Writer: Wyatt Kennedy
Artist: Luana Vecchio
Letters: Brandon Graham
Bolero #2 is a dizzying read, as disorienting as it is mesmerizing. Wyatt Kennedy uses the in medias res technique to great effect, plunging readers into Devyn’s search for a new life, several jumps into the mind-bending journey.
The series reads like an artist’s dream, with Vecchio cooking up all manner of brilliance for her brilliant pages. We open with Devyn as a southern bell wrapped in a baby blue hourglass dress. But our modern hero can only suffer the aristocratic patriarchy so long, bailing on hop #8.
Readers are immediately thrown into the far-flung future as a male Devyn wakes up with a bloody nose, watching Natasha tumble through the cosmos outside the window. “God, I hate that part,” Devyn laments as Natasha calls for her to join. The pair then watch a black hole feed, allowing Kennedy’s poignant writing to shine: “We held each other and watched as three planets dissolved as if they never existed. I’m seeing her for the first time, but it’s not the first time.” They profess their love for one another, and Devyn thinks, “This is the easy part.”
Following an Evangelion-esque title card, the issue progresses in completely unpredictable fashion. We see a series of hops, enmeshed, intertwining–Natasha and Devyn as Crusades-era warlords; Devyn as a pop princess who wants to murder her mom; a futuristic, perpetually orgastic Paris.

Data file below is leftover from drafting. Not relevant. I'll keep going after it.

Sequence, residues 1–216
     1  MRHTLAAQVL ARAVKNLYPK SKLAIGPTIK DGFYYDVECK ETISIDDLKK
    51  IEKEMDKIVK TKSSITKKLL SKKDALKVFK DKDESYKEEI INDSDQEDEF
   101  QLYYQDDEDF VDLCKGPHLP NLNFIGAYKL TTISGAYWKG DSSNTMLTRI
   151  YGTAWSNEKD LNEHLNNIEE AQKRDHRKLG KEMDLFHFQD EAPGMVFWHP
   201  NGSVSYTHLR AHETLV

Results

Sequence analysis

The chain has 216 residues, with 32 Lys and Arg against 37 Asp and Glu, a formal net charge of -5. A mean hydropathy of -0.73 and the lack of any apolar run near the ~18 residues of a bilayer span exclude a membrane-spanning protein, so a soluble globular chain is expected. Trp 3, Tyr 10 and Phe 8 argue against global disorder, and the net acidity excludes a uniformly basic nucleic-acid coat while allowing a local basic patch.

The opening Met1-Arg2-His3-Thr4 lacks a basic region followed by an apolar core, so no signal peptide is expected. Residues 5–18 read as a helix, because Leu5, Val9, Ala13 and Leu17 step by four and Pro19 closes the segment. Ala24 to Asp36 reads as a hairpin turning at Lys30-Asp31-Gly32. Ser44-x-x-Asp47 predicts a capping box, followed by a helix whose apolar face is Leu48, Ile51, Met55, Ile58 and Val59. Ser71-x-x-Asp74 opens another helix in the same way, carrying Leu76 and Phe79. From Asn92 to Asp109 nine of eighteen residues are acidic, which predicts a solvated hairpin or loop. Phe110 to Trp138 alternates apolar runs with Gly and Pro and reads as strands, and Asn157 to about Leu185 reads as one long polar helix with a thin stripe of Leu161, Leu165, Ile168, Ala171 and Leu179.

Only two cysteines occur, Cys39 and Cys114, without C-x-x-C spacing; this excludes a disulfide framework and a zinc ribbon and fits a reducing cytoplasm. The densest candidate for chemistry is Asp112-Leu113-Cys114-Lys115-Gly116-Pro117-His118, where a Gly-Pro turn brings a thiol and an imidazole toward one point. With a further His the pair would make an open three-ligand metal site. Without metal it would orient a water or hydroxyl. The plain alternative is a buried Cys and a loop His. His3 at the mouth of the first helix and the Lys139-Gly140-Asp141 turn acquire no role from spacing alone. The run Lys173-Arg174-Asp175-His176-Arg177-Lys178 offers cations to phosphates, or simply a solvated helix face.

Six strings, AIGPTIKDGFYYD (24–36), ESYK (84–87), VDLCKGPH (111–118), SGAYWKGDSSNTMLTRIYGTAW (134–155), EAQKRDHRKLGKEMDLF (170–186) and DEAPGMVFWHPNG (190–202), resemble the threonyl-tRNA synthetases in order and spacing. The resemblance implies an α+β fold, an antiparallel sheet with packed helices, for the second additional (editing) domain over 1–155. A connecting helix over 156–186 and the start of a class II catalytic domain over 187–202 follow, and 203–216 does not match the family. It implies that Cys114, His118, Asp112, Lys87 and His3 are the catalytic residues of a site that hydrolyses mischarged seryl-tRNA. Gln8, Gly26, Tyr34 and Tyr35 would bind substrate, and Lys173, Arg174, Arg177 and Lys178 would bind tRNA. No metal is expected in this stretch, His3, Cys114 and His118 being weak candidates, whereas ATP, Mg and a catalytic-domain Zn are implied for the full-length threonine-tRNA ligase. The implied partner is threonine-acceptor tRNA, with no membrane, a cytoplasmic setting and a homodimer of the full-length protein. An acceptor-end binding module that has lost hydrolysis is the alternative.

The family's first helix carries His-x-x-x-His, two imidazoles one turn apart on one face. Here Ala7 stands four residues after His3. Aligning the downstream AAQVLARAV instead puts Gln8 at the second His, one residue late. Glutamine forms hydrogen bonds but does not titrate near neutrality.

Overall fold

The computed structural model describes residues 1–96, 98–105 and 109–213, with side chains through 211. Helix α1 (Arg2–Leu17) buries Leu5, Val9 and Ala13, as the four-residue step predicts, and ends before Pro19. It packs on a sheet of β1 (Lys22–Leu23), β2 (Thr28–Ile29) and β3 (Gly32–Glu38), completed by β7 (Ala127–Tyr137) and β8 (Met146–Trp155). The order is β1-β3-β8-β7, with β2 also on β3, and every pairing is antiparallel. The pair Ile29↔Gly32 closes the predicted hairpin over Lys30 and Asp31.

Bolero #2 is sexy and violent as hell. Vecchio’s art transforms from one hop to the next, utilizing an array of color palettes and alternative character designs. In a woodland fantasy setting, a ninja-like Devyn meets a giant wolf with massive antlers. On the following page, she sits in the middle of the desert atop an ancient statue. Devyn wonders why she can’t penetrate a new life, why she can’t recognize the simplest of feelings: happiness.
Issue #2 comes to an explosive, bloody conclusion, then sets Devyn up for a unique trip on her next hop. For the first time across her many selves, she won’t be searching for anything. Instead, she’ll make the life she wants to live. At least, she’ll try.
A wild, beautiful, intimate ride though a multiverse of the inner mind. More importantly, it sets Devyn on course for some compelling character development.